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Subject:Re: language and communication From:Pat Anderson <panders -at- aw -dot- sgi -dot- com> To:"TECHWR-L" <techwr-l -at- lists -dot- raycomm -dot- com> Date:Mon, 27 Nov 2000 17:58:06 -0500
Hi Bruce. Hi Dan.
I'd be the last one to document a computer language or an API in anything but words with diagrams. Definitely, words are important.
I do worry, however, when we seem to take the viewpoint that words are always the best way of communicating. Sometimes they aren't.
I had an experience with a customer... gee... 12 years ago or so... He was using our rendering programming language. Had some difficulty understanding the descriptions of two terms... "amult" and "aoffset". This gentleman was in his forties. After about fifteen minutes of discussion, I found out that he is dyslexic. Three small images illustrating the ranges of each of these terms would have helped him immeasurably.
We still don't translate our technical manuals, so a fair number of our users are encountering our English manuals as (at the very least) their second language. Illustrations would help them, too.
I'm starting to see some non-verbal products of technical communication in areas I wouldn't have expected them... for example, at http://www.quarry.com they have created a visual hardware setup for an HP workstation that requires no translation, because it's word-free. (They won an STC award for it). That reduces the costs, when you don't have to localize, and can print a much larger quantity.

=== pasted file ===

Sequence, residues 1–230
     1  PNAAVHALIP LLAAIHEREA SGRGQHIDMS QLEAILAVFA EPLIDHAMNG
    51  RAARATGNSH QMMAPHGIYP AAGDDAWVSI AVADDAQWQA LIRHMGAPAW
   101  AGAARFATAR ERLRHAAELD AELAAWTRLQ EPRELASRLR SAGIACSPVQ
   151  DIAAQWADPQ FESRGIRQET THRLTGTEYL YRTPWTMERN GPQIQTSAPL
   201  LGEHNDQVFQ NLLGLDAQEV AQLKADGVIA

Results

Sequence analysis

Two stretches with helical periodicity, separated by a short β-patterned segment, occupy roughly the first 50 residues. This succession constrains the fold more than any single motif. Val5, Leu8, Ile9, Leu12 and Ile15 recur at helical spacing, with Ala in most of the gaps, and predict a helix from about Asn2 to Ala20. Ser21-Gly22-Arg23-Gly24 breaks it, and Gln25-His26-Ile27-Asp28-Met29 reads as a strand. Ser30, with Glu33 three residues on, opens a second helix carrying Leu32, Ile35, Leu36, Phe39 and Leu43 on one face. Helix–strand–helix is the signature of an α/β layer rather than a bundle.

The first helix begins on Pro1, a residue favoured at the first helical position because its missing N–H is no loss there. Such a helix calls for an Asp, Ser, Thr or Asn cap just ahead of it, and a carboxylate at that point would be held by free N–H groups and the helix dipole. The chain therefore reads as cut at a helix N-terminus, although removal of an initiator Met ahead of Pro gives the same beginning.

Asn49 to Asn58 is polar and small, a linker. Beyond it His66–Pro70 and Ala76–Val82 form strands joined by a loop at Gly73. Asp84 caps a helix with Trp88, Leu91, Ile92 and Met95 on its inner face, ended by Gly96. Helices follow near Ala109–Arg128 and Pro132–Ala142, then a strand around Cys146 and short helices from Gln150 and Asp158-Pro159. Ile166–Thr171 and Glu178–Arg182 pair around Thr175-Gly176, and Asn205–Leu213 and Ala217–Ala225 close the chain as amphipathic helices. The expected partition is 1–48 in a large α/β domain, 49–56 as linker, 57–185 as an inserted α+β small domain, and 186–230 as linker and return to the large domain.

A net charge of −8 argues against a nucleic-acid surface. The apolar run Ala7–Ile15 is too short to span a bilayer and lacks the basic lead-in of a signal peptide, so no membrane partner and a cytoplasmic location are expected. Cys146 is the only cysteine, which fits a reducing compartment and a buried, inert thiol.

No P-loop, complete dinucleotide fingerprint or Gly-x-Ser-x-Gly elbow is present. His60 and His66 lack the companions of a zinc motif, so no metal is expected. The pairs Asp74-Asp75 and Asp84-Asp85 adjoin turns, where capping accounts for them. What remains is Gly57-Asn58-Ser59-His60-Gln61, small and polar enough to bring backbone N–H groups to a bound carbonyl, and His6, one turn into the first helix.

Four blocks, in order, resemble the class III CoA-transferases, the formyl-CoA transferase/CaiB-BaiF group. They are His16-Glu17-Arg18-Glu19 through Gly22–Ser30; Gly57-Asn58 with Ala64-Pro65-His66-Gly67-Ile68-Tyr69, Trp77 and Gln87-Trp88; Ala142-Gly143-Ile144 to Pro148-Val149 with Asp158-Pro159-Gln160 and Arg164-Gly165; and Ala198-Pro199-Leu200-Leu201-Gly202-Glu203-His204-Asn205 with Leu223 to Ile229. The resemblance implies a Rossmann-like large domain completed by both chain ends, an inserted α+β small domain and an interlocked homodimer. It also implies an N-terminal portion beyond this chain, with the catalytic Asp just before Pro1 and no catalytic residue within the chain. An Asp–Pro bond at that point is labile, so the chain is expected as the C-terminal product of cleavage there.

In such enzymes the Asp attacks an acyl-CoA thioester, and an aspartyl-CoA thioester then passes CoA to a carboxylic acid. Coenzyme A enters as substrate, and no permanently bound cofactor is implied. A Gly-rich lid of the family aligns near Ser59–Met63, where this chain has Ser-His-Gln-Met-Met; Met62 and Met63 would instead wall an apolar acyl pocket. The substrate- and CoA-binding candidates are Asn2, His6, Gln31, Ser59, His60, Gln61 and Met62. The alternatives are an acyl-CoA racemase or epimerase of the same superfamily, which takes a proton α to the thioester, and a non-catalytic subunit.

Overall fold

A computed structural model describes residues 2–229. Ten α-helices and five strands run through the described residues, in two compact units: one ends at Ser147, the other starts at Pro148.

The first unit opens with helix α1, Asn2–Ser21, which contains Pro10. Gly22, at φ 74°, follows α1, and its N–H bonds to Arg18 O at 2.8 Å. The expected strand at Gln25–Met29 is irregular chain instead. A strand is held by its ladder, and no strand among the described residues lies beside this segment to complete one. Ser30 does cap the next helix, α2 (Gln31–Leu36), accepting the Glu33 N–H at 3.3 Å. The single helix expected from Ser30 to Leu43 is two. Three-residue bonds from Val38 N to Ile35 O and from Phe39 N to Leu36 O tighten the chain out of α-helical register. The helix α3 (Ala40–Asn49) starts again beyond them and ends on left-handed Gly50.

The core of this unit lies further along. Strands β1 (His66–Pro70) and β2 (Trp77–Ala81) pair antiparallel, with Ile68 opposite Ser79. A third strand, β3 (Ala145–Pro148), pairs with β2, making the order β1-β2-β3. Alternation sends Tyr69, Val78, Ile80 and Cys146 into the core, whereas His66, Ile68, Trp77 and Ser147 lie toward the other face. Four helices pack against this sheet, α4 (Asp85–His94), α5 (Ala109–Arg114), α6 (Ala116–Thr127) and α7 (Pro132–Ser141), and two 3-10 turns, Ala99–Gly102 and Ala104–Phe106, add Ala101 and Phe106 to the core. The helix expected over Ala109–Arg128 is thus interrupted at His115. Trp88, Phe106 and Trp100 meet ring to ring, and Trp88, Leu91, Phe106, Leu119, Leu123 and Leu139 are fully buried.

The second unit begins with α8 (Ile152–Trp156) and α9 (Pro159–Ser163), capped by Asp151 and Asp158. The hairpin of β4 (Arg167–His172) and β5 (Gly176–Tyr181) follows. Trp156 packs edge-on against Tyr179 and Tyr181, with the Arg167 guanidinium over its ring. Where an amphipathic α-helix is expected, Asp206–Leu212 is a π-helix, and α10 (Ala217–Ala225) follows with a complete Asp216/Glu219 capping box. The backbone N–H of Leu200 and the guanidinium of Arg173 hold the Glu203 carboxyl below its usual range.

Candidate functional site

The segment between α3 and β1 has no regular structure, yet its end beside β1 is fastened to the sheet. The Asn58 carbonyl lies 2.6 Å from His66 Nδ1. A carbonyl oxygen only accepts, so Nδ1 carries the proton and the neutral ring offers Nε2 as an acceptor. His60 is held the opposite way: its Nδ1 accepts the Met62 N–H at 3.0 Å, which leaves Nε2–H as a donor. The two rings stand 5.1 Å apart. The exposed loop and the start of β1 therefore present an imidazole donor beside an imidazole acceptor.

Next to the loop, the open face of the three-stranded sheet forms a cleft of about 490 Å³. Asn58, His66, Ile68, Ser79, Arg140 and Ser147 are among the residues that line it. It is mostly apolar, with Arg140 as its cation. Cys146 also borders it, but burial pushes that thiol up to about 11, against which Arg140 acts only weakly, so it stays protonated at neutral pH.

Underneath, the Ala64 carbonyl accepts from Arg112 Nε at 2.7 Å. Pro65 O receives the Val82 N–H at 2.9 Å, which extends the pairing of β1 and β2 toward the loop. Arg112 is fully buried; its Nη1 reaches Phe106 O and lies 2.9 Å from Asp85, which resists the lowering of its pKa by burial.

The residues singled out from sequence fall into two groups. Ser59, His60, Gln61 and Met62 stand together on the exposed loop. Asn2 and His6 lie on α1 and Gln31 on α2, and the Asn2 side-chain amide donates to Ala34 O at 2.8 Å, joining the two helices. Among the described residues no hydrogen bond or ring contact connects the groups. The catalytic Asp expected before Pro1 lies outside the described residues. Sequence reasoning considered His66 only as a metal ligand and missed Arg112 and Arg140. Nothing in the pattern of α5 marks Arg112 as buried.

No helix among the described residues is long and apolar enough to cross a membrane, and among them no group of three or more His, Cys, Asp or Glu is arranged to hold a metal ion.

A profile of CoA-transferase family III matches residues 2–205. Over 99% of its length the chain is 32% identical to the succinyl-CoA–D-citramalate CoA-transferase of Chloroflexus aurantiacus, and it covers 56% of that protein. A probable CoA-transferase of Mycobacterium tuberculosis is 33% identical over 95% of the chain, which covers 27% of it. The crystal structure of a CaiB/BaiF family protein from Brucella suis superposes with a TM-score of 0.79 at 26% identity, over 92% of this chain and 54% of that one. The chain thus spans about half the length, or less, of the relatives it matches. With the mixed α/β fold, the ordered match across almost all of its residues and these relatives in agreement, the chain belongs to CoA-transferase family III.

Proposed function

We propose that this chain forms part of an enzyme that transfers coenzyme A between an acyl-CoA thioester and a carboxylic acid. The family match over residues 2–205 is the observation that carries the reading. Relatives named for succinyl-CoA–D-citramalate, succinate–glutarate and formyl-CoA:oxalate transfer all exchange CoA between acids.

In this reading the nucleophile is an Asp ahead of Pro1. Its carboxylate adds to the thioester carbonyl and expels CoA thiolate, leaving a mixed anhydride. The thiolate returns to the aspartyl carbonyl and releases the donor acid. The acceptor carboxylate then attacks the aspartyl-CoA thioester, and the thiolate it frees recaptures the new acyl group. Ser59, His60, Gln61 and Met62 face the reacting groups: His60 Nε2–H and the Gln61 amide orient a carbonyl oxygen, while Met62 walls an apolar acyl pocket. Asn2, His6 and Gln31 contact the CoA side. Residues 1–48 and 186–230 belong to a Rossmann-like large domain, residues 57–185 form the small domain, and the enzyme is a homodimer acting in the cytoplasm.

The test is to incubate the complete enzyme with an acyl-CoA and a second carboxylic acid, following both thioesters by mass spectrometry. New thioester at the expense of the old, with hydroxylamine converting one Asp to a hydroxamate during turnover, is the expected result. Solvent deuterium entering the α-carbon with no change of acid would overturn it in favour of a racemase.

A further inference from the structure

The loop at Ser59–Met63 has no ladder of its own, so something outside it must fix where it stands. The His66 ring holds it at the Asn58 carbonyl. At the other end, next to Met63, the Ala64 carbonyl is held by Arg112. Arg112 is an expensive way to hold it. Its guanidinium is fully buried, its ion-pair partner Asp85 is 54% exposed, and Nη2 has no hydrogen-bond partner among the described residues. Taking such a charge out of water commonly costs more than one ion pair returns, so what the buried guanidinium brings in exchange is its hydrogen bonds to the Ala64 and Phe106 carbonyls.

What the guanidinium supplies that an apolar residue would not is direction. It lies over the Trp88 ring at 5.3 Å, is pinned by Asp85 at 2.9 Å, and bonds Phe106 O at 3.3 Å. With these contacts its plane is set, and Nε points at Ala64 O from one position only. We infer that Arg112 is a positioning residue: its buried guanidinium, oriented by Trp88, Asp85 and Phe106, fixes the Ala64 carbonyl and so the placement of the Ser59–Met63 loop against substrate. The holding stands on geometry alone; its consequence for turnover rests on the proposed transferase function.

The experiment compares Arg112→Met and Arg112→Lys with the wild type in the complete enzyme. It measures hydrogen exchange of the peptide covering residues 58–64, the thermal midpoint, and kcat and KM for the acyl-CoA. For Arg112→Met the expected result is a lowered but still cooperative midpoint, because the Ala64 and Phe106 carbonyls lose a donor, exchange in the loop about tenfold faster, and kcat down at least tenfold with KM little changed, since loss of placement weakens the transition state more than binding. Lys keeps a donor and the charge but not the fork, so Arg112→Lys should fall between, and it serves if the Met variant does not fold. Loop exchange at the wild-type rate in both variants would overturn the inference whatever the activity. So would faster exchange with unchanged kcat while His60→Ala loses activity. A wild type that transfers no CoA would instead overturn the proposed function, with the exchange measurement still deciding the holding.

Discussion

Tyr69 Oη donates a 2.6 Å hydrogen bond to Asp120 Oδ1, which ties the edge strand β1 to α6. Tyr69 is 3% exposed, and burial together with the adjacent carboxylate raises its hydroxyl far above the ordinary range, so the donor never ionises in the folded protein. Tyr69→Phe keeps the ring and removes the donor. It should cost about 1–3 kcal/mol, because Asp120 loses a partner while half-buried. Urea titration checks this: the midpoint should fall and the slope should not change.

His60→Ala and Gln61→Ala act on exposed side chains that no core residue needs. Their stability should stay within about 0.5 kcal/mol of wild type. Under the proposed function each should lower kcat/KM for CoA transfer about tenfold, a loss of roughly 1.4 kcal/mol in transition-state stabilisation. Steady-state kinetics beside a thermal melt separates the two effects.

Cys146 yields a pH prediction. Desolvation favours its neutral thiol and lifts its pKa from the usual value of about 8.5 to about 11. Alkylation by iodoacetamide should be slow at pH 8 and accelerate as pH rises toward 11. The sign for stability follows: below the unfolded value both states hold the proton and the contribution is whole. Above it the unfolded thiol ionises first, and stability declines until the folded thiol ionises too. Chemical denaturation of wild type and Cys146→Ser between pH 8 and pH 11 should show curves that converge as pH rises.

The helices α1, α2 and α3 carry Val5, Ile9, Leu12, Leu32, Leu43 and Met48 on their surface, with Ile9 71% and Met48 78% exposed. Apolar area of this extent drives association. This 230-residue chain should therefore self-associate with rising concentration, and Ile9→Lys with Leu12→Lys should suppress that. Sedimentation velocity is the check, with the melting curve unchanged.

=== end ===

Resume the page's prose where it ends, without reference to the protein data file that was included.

Sometimes the right picture can be worth a thousand words. Sometimes not.
(sometimes you need the right movie clip)
At 9:55 PM -0500 25/11/00, Bruce Byfield wrote:
>Dan Emory wrote:
>> Catering to the "post-literate" only guarantees that it will arrive. All of
>> the concern
>> shown on this list about preciseness of language for the sake of unambiguous
>> clarity is lost if text is replaced by cartoons and movie clips.
>Funny how the post-literate world looks remarkably like the
>pre-literate world. :-)
>Not that non-literate forms of communication should be despised.
>Oral cultures, for example, produce people with extraordinary
>memories, capable (as in archaic Greece) of remembering thousands of
>lines, or of composing them on the fly or (as in early Scandinavia)
>of memorizing dozens of laws and precedents. I remember a late novel
>by Mary Renault in a Greek bard of about 500 BCE laments that his
>student writes things down, because written information can be
>easily corrupted and because he is afraid that his student's memory
>will become uncertain.
>However, for the types of detailed information that tech writers
>ordinarily deal with, the written word does seem the best medium,
>even though it isn't necessarily the only medium.
>Bruce Byfield, Outlaw Communications
>Contributing Editor, Maximum Linux
>604.421.7189 bbyfield -at- axionet -dot- com
>"If religion is the opium of the people, then TV is the heroin."
>- Kev Carmody
Documentation Manager, Design Products
tel: (416) 874-8375
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